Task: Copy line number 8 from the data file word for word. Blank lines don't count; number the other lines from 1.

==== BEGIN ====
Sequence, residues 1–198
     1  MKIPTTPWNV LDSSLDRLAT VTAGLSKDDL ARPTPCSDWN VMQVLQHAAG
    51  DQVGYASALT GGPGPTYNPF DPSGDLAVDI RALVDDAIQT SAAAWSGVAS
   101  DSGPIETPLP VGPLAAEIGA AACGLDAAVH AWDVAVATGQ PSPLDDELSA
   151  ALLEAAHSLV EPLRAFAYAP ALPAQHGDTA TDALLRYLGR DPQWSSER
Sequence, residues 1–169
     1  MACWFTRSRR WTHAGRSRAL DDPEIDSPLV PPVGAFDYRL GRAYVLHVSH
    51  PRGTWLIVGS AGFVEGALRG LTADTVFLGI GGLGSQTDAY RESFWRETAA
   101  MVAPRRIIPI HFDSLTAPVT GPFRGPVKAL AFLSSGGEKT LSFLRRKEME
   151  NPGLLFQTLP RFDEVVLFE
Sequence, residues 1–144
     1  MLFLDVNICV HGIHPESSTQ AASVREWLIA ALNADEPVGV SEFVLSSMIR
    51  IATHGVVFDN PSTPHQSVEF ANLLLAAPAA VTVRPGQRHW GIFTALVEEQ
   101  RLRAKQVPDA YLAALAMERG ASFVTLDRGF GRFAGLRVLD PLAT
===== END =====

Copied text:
    51  PRGTWLIVGS AGFVEGALRG LTADTVFLGI GGLGSQTDAY RESFWRETAA